Serum concentrations of calcium, phosphate, parathormone, and vitamin D metabolites were all within the normal laboratory reference values. Except for NTX, no significant differences between galactosaemia and control subjects were found for osteocalcin (ucOC and cOC), and bone alkaline phosphatase (table 2). NTX levels in blood were significantly lower (p < 0.001) than in control subjects. By multiple regression analysis using NTX as dependent variable and diagnosis and age as independent variables, the NTX values were found to be solely dependent on the diagnosis and independent of age.

Table 2

Results for blood osteocalcin, BAP, and NTX in the study group and in healthy controls

DISCUSSION

The decreased BMD found in our patients with galactosaemia is in agreement with the earlier report which made use of quantitative computed tomography for the measurement of BMD. In our study DXA measurements have been used and both areal and volumetric BMD shown to be severely abnormal. Volumetric DXA measurement at both the mid femoral shaft and the femoral neck have been found to be practically independent of age, height, and gender. This makes standardisation for these variables unnecessary, resulting in easier interpretation of BMD data in children. Our mean volumetric BMD of −1.7 is severely abnormal when compared to reported results using the same methodology in children with PKU, chronic renal insufficiency, and chronic asthma,2 and correspond to the Z scores found by quantitative computed tomography in galactosaemia.1

The lack of correlation between volumetric BMD and either age or length confirms that these variables are independent, in agreement with previous reports.2,3 This was also shown in our young adult group (unpublished results).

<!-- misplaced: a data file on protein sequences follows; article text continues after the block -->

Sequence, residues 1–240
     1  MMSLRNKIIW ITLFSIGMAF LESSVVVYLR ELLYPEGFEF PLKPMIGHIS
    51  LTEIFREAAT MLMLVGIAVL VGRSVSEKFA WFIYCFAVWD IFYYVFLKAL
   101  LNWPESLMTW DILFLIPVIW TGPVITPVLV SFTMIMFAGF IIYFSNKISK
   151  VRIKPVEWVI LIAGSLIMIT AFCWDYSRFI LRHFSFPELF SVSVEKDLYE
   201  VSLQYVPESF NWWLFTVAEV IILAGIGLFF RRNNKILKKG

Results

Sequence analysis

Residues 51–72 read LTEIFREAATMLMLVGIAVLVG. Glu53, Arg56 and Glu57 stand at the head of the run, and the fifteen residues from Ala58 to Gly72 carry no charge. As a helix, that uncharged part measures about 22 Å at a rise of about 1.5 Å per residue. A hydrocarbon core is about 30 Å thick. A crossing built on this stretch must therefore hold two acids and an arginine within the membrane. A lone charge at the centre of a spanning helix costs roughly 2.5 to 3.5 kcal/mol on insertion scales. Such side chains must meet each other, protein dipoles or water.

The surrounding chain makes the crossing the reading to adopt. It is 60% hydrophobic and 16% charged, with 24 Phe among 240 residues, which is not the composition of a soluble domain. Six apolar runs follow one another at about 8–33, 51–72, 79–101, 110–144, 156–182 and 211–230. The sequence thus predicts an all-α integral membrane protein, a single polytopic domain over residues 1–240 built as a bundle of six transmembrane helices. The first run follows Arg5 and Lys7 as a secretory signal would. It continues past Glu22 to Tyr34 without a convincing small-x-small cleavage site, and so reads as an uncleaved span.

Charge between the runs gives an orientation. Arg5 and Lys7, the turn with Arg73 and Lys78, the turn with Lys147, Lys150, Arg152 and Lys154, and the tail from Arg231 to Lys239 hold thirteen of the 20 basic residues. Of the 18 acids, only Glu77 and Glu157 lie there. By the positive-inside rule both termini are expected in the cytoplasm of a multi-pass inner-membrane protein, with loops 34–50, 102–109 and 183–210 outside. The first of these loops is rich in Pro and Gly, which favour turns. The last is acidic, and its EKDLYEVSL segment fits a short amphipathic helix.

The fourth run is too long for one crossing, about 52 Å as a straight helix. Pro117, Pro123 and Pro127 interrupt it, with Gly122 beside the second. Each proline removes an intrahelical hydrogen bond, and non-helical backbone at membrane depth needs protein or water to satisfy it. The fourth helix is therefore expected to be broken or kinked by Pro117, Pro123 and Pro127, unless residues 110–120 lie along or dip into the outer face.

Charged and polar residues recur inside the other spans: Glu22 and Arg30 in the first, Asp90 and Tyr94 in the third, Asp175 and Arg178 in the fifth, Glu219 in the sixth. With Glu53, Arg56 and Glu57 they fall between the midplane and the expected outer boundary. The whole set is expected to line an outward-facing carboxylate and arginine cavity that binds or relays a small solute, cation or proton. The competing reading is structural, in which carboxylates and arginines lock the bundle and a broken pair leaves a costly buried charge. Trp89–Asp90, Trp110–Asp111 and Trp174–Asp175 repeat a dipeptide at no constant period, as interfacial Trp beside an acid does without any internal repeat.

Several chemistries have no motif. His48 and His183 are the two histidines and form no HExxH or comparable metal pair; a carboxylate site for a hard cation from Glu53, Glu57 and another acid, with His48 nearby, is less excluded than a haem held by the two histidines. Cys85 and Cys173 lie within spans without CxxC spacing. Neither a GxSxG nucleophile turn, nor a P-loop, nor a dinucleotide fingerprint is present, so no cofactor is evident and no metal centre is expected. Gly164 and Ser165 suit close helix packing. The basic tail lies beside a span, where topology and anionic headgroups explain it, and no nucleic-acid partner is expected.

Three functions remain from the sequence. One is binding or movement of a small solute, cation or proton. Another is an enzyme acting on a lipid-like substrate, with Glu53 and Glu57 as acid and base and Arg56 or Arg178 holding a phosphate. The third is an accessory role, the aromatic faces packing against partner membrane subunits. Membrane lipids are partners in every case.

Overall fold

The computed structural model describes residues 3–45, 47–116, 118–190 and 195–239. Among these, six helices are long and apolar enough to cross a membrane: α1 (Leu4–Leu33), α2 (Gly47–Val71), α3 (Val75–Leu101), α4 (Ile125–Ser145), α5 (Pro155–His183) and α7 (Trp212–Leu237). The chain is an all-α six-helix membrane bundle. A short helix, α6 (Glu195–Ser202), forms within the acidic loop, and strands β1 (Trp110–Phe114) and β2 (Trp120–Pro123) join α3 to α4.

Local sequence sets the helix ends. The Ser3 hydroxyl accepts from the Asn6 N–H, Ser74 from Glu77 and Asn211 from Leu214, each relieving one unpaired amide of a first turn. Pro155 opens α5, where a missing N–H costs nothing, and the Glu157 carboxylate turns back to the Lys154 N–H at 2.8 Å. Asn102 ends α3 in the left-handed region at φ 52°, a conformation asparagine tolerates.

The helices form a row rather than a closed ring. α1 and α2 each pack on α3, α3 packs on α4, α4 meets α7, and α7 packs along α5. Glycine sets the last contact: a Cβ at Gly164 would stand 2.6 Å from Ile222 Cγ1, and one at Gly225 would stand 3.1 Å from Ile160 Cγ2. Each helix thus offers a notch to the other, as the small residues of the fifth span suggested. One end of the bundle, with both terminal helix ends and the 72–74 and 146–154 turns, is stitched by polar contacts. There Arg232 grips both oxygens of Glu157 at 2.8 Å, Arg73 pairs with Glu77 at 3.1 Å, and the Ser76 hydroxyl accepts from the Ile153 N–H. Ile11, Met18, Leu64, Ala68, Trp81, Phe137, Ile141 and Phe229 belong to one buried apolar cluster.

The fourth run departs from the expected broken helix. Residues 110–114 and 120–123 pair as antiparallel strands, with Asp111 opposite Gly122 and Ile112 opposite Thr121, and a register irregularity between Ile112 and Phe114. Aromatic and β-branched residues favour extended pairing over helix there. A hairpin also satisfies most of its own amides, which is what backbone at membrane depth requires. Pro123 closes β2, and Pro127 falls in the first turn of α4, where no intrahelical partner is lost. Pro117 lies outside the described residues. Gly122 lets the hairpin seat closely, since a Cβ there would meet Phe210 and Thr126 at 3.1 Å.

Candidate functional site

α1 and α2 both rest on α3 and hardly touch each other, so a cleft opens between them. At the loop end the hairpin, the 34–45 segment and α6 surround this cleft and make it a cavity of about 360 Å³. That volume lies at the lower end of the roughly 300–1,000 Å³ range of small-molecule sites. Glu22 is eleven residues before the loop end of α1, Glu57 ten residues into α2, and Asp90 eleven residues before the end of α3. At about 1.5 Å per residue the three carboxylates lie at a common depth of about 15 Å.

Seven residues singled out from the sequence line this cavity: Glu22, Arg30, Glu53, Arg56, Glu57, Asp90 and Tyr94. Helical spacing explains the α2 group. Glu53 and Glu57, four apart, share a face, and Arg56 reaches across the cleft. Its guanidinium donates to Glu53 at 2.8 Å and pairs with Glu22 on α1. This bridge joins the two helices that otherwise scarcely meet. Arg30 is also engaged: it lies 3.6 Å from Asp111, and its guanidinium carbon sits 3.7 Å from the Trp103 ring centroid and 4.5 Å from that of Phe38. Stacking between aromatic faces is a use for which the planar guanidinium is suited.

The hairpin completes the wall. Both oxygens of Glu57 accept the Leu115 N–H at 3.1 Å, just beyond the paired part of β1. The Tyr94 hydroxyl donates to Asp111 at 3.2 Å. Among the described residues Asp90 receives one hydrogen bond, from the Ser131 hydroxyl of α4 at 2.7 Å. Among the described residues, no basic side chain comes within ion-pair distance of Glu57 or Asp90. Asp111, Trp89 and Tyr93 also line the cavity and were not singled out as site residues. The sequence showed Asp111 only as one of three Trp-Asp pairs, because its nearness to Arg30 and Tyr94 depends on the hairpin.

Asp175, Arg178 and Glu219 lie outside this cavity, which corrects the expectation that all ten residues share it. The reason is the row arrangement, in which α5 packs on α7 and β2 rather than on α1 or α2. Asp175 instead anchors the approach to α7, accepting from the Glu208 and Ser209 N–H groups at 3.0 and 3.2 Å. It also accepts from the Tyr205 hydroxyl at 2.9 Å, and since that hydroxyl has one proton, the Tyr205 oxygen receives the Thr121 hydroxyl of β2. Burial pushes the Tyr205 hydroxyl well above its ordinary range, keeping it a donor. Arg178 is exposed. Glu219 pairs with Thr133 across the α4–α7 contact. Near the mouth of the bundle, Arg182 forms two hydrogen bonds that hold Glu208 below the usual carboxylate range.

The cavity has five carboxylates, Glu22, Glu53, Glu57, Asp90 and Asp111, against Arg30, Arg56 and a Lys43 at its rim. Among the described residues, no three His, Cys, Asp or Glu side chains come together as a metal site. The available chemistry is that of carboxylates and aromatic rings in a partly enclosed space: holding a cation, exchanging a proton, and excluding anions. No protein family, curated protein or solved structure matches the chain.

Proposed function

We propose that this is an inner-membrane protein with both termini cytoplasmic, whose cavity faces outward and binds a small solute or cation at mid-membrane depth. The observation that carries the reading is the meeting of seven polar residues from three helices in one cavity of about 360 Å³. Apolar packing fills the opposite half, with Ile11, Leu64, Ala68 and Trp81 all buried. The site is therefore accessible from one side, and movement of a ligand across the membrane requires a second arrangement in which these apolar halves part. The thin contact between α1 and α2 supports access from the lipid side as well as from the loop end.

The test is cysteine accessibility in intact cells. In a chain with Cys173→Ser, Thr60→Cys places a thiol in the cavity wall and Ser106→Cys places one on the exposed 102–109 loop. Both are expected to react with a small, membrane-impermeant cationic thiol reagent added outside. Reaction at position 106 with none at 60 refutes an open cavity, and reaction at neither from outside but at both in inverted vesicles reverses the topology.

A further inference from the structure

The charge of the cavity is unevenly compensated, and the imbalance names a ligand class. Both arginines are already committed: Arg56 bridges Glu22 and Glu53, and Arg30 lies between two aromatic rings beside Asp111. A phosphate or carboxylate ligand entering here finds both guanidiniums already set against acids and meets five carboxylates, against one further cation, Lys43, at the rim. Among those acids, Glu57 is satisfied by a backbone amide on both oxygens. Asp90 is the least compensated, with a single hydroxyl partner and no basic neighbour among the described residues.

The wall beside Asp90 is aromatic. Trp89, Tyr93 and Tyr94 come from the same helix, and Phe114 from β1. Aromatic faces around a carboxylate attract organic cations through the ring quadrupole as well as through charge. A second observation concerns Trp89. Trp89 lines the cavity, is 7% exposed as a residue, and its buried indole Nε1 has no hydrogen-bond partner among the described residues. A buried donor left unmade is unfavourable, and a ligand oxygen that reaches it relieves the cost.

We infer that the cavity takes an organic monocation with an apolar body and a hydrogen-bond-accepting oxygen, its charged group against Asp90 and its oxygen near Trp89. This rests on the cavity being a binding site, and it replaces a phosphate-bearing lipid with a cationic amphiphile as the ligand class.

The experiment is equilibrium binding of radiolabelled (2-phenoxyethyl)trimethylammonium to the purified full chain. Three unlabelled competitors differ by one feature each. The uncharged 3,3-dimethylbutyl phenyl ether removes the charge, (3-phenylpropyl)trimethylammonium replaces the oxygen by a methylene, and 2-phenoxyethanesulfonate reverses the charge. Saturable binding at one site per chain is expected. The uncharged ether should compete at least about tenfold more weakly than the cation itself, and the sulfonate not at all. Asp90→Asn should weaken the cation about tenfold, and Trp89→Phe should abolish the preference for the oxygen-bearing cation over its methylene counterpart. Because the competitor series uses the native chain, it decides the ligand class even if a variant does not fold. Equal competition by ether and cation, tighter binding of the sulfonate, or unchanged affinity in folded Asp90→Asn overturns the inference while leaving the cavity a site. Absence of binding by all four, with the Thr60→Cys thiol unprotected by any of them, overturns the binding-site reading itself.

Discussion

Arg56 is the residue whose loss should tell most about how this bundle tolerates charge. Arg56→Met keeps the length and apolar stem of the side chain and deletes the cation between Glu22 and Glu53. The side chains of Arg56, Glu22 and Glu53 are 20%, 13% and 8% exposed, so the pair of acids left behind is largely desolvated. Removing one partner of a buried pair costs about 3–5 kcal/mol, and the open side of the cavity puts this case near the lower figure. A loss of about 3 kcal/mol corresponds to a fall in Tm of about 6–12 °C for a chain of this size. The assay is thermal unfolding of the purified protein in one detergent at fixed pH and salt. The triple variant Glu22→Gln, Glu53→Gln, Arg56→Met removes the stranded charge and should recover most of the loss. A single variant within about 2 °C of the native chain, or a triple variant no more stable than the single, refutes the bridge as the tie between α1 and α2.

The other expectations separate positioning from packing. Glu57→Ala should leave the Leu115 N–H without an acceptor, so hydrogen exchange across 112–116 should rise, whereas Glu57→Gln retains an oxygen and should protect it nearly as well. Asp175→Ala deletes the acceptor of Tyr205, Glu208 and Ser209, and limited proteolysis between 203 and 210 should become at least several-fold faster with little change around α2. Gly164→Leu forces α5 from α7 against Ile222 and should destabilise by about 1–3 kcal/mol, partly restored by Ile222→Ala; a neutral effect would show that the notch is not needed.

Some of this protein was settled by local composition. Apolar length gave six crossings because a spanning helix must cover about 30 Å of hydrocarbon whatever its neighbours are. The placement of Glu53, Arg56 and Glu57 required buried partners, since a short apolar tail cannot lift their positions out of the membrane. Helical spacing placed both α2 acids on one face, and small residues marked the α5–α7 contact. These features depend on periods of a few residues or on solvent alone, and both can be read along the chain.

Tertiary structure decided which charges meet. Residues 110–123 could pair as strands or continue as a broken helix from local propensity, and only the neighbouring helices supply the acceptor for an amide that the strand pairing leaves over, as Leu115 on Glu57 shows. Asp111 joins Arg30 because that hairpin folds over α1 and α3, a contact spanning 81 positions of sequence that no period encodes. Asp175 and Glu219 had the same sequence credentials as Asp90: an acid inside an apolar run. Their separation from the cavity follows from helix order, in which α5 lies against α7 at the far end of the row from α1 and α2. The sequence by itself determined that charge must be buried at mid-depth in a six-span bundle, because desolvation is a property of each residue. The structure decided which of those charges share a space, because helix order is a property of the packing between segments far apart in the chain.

Other than the fact that these children follow a diet, no known risk factors apply for this group as the six females included in this study were prepubertal. All children had a normal physical activity except for the late diagnosed patient who is neurologically severely affected. Blood parameters of importance for bone formation were in the normal range. Dietary calcium may have been inadequate earlier in life. To our knowledge osteocalcin has not been investigated before in galactosaemic patients.

Surprisingly, NTX was significantly lower in the galactosaemic group. Kaufman and colleagues1 suggested an intrinsic defect in collagen, the major component of bone matrix. Collagen contains uridine diphosphate galactose, a galactose residue which might be decreased because of the deficient activity of galactose-1-phosphate uridyl transferase in galactosaemics. This could lead to abnormal collagen formation and interference in bone formation, mineralisation, and/or resorption. The lower levels of NTX in these patients might be the result of different digestion of the abnormal collagen, leading to fragments with a distinct immunological reactivity. Possibly, the NTX fragments in these patients are not recognised with the ELISA test used. Sugars are very immunogenic groups, and a different sugar composition in these patients' collagen could change the immunogenic reactivity.

Another possibility is that the lower bone resorption is an adaptive mechanism to protect bone integrity. This seems unlikely, however, as bone formation markers were normal, pointing to a normal bone turnover.

The findings in this study strongly suggest that children with classic galactosaemia are at risk of decreased BMD. Further studies are necessary to elucidate the pathophysiological mechanism leading to the decreased BMD and to design therapeutic strategies. Studies are also needed to determine whether adults with galactosaemia have an increased number of fractures.

REFERENCES